Saturday Morning

kitten-cat-cute-adorable-bliss


Source: awwww-cute

 

And if 2 isn’t enough, double down

hand-sand-earth

And here’s links to 3 more excerpts from Sam Harris’ new book that hit nerve endings:

  • Our needs and desires seem to multiply by the hour.” Connect here.
  • Our feelings of accomplishment remain vivid and intoxicating for an hour, or perhaps a day, but then they subside. And the search goes on.” Connect here.
  • Just keep your foot on the gas until you run out of road.” Connect here.

Photograph Source: YourEyesBlazeOut via Taffynikte

 

 

Lurching. Lurching. Lurching.

sam_harris

This Believer of Convenience warily tiptoed into Sam Harris’ new book titled Waking Up: A Guide to Spirituality Without Religion. I’m a 1/3 of the way in. He’s managed to settle under my skin, burrowing into my consciousness.  I’m deeply ambivalent about the message. The polarity of my emotions is stark – it’s as if I’m split in two. I drift in and out of darkness and I find myself empty in my quiet moments of contemplation. I’m certain that this wasn’t Sam’s objective with his Guide.  Yet I find it impossible to disagree with certain messages, such as yesterday’s post titled Carpe Momento. And another this morning which I’m sharing below.  I’m leaning heavily on F. Scott Fitzgerald to function: “The test of a first rate intelligence is the ability to hold two opposed ideas in the mind at the same time, and still retain the ability to function” – – as I need to function, I need to function. Here’s Sam Harris with another one of his “pow, right in the kisser” messages to me:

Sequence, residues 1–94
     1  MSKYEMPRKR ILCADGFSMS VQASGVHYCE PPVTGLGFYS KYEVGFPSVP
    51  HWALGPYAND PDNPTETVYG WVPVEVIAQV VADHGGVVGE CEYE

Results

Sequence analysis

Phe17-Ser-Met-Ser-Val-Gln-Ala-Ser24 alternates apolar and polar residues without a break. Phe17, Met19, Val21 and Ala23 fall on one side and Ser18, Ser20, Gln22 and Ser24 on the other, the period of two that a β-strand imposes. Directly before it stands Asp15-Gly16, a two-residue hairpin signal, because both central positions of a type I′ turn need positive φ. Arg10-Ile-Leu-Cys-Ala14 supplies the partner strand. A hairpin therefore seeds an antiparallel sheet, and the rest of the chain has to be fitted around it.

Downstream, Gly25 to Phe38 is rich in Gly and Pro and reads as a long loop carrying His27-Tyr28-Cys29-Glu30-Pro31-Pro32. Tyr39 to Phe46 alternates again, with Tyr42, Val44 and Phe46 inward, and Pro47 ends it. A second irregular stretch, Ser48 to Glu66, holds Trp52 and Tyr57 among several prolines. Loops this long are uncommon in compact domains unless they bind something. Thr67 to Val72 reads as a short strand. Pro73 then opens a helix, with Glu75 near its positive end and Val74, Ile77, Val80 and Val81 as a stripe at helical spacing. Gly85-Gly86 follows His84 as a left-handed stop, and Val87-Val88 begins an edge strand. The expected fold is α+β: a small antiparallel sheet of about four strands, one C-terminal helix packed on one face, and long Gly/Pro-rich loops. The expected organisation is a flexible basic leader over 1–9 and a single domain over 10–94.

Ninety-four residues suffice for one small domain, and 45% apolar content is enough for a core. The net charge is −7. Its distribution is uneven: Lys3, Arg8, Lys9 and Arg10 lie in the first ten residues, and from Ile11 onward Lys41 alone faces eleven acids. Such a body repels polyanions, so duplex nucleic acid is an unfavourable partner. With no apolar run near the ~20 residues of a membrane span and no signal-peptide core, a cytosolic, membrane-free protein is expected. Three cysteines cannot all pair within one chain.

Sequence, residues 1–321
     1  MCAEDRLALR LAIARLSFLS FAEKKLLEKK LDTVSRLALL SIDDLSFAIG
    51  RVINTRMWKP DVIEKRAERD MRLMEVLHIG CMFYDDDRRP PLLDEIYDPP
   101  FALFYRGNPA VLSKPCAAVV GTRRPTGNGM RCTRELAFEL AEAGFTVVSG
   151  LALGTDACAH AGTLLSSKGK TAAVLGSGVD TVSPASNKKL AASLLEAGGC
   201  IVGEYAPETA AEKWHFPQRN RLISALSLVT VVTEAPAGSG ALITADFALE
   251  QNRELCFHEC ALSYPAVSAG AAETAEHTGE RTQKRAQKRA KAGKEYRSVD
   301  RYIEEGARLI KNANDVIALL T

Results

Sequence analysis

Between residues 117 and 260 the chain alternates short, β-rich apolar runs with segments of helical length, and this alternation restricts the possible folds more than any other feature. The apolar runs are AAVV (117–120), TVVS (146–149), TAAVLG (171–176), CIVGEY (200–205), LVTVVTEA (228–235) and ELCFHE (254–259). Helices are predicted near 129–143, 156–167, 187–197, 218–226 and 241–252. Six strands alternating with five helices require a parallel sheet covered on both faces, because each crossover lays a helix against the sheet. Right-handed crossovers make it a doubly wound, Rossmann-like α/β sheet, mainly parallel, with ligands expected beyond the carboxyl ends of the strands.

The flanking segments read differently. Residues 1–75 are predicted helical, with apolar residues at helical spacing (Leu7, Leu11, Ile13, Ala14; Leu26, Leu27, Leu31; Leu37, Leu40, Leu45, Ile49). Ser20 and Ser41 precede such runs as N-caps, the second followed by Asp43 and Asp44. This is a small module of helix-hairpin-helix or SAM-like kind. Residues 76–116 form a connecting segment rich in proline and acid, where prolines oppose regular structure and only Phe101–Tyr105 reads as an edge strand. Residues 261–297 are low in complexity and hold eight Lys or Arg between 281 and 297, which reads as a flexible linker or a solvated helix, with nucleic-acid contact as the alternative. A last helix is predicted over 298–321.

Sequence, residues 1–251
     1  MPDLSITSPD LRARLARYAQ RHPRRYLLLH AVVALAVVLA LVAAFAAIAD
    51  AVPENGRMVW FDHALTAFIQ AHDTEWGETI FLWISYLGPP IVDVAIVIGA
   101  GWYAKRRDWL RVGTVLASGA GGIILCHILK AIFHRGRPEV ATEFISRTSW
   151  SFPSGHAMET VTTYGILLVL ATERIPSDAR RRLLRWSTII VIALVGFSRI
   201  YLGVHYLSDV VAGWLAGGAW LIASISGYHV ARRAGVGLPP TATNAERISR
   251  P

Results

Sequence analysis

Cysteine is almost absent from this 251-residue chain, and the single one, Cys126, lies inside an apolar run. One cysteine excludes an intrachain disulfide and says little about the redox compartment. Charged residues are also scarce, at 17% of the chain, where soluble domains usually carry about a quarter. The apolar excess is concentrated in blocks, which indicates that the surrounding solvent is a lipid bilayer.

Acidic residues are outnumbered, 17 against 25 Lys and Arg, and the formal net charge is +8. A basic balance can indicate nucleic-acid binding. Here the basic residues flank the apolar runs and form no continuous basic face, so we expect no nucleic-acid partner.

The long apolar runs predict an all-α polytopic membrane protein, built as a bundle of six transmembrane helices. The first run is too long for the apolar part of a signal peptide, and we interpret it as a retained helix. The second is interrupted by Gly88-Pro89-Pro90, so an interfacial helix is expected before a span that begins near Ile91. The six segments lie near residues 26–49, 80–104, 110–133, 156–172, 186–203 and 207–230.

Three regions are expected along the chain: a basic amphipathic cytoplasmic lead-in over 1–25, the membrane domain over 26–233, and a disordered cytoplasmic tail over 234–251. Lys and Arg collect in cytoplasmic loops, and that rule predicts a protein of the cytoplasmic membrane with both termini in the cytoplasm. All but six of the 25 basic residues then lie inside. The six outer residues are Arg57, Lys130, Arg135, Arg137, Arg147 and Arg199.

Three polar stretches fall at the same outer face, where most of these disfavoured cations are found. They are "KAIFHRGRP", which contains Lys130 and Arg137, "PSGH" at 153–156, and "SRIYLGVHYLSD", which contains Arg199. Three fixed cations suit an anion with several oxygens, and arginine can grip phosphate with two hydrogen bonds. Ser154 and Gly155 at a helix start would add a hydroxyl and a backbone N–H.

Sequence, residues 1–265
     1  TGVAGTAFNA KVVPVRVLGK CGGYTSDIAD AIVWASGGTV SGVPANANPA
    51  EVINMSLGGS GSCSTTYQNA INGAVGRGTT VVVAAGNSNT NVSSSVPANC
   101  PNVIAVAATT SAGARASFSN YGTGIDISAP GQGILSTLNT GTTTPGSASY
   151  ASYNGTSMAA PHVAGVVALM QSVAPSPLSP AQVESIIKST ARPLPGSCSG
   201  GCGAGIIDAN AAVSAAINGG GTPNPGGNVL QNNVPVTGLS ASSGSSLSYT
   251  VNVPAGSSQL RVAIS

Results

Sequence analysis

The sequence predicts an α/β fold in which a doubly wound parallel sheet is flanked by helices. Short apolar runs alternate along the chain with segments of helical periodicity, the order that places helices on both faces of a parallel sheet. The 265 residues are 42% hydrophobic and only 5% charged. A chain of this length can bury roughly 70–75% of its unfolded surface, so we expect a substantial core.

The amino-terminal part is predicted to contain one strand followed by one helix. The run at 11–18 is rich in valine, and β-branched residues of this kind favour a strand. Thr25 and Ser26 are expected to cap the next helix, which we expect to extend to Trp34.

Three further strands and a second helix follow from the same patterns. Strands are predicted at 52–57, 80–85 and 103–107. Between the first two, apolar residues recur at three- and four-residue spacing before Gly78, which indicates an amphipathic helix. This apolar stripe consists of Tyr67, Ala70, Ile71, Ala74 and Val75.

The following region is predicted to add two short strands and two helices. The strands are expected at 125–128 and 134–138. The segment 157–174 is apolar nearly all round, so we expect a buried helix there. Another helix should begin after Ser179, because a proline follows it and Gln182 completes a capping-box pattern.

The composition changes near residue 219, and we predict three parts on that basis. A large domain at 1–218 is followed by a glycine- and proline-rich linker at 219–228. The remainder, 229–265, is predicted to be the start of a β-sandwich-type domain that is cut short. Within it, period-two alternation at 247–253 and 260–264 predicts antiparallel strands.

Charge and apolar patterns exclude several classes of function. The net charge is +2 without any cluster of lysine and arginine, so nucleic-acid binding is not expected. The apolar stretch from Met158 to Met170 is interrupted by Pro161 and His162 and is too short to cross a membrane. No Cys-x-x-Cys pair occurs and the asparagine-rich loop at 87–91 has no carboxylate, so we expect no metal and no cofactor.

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Monday Mantra: Carpe Momento

black and white,gratitude

Our minds are all we have. They are all we have ever had. And they are all we can offer others. This might not be obvious, especially when there are aspects of your life that seem in need of improvement— when your goals are unrealized, or you are struggling to find a career, or you have relationships that need repairing. But it’s the truth. Every experience you have ever had has been shaped by your mind. Every relationship is as good or as bad as it is because of the minds involved. If you are perpetually angry, depressed, confused, and unloving, or your attention is elsewhere, it won’t matter how successful you become or who is in your life— you won’t enjoy any of it.